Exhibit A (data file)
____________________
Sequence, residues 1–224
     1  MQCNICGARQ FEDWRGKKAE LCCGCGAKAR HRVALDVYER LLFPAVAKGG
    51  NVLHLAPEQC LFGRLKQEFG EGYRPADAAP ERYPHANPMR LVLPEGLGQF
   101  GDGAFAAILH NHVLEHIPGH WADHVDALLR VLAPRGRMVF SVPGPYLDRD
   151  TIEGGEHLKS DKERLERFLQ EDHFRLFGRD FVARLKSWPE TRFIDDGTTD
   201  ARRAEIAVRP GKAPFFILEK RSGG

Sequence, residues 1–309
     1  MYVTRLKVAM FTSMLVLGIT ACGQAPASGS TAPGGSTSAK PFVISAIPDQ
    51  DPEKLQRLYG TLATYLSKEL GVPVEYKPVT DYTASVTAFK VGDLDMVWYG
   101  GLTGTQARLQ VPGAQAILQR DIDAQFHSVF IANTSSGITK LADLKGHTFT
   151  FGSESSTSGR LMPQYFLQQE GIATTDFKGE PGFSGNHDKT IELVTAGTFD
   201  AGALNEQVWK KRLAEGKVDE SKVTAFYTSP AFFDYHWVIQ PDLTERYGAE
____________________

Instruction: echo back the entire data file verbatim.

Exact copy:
Sequence, residues 1–224
     1  MQCNICGARQ FEDWRGKKAE LCCGCGAKAR HRVALDVYER LLFPAVAKGG
    51  NVLHLAPEQC LFGRLKQEFG EGYRPADAAP ERYPHANPMR LVLPEGLGQF
   101  GDGAFAAILH NHVLEHIPGH WADHVDALLR VLAPRGRMVF SVPGPYLDRD
   151  TIEGGEHLKS DKERLERFLQ EDHFRLFGRD FVARLKSWPE TRFIDDGTTD
   201  ARRAEIAVRP GKAPFFILEK RSGG

Sequence, residues 1–309
     1  MYVTRLKVAM FTSMLVLGIT ACGQAPASGS TAPGGSTSAK PFVISAIPDQ
    51  DPEKLQRLYG TLATYLSKEL GVPVEYKPVT DYTASVTAFK VGDLDMVWYG
   101  GLTGTQARLQ VPGAQAILQR DIDAQFHSVF IANTSSGITK LADLKGHTFT
   151  FGSESSTSGR LMPQYFLQQE GIATTDFKGE PGFSGNHDKT IELVTAGTFD
   201  AGALNEQVWK KRLAEGKVDE SKVTAFYTSP AFFDYHWVIQ PDLTERYGAE